OSHA’s recently issued Emergency Temporary Standard (ETS) on mandating vaccines has caused headaches for many employers and rankled others.
A flurry of lawsuits have been filed, and the Fifth Circuit has temporarily stayed the rule from taking effect. As we recently wrote about, confusion abounds as the ETS awaits judicial review by one lucky federal circuit court and perhaps, ultimately, the U.S. Supreme Court. OSHA itself has announced that it has “suspended activities related to the implementation and enforcement of the ETS pending future developments in the litigation.”
While we wait to see whether the ETS will be upheld, the January 4, 2022, deadline for compliance is around the corner … just past the holidays. As a best practice, employers with 100 employees or more should (continue to) prepare for the ETS to go into effect, or they risk being unable to do so in time (and thus subject to fines).
When planning the implementation of the ETS, employers face two overarching choices:
To Test or Not to Test?
Employers that do not wish to establish, implement and enforce a written mandatory vaccination policy have another option: the ETS provides that an employer may establish, implement and enforce “a written policy allowing any employee … [to] provide proof of regular testing for COVID-19 … and wear a face covering ...”
The ETS does not require employers to pay for testing, but state and local laws may. Additionally, the testing/masking option under the ETS requires considerable efforts on the part of employers. First, employers must ensure employees test at least once per week and wear a mask at all times in the office (except when “alone in a room with floor to ceiling walls and a closed door”). Second, employers must collect proof of each test result and retain the records (as confidential medical records) for so long as the ETS remains in effect. Third, employers must remove employees who fail to provide proof of their COVID-19 test (each week) until they provide such proof.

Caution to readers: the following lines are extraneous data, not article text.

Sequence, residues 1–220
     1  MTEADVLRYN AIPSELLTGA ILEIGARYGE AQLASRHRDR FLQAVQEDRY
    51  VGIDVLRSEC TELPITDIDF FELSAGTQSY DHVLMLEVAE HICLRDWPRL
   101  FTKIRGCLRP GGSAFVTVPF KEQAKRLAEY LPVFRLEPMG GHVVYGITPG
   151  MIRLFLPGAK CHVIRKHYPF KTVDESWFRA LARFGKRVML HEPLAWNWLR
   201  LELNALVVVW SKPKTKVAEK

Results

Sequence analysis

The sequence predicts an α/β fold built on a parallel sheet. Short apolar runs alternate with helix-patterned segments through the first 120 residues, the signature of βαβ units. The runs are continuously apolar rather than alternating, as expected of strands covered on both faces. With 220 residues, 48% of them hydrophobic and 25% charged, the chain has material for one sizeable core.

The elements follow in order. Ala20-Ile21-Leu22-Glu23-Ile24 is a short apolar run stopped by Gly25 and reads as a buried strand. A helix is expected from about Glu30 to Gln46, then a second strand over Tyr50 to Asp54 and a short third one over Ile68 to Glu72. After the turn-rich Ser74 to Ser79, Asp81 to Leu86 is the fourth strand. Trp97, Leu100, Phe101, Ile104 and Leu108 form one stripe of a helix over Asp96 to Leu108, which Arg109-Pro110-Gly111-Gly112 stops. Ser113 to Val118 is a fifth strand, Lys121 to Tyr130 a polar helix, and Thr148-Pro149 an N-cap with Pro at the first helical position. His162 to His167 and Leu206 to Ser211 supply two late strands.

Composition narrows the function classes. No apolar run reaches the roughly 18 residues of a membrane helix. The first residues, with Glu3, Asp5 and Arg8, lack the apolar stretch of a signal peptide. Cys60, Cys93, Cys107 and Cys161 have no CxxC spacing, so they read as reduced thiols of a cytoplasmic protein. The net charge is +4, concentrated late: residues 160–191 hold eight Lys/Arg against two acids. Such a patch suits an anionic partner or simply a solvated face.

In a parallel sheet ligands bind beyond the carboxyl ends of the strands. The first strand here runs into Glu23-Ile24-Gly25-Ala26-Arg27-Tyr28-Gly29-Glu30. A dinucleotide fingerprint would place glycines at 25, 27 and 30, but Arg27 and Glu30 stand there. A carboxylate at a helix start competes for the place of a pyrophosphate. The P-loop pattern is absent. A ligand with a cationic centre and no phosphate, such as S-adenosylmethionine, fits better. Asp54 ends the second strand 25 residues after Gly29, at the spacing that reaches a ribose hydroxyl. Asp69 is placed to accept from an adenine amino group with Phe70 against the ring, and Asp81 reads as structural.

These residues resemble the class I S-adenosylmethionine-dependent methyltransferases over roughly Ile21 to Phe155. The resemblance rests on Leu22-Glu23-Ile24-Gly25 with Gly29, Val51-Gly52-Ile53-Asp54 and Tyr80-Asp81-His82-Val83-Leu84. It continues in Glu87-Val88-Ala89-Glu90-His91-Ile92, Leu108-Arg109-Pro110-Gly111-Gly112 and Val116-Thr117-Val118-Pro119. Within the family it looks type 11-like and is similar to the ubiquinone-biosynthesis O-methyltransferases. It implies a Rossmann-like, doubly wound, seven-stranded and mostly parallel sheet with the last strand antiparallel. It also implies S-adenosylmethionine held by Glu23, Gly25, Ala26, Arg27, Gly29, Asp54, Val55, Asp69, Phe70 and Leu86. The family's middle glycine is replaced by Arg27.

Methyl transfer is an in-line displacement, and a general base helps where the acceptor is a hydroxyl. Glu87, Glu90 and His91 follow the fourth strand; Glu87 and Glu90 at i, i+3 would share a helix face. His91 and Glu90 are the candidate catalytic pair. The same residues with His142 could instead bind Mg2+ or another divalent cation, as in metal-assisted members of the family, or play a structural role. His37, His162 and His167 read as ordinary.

What an employer chooses to do will come down to the business realities it faces:
These are all issues employers must grapple with in the coming months. Here are some advantages and disadvantages of testing employers in lieu of a mandate:
Remote Work … A Rule or an Exception?
Employers who may cringe at a mandatory vaccination policy may feel equally bad about weekly testing. Especially if the workforce is vehemently against both. There is, of course, one additional option: remote employment.
The ETS’s FAQs state that employees who “do not report to a workplace where other individuals such as coworkers or customers are present or while working from home” do not need to vaccinate or submit to weekly testing.
This might be a viable option for some companies. In 2019, remote employment might have been a non-starter for many, if not most, employers. However, the pandemic has shifted many businesses to hybrid and work-from-home models. While this is not an option for many employees, some can and have been working successfully from home full-time.
However, many employers are eager to welcome employees back to the office for a variety of reasons, not least of which is to facilitate collegiality and reduce the high levels of turnover the country is currently experiencing.
As for employees, some relish working from home, while others are excited to return to the office. The decision to permit or prohibit remote work will inevitably rub some employees the wrong way. Following are some of the advantages and disadvantages of moving unvaccinated employees to remote working:
If you would like more information or would like to discuss these issues further, please contact a member of Gould & Ratner’s Human Resources and Employment Practice or visit our Coronavirus/COVID-19 Resources page.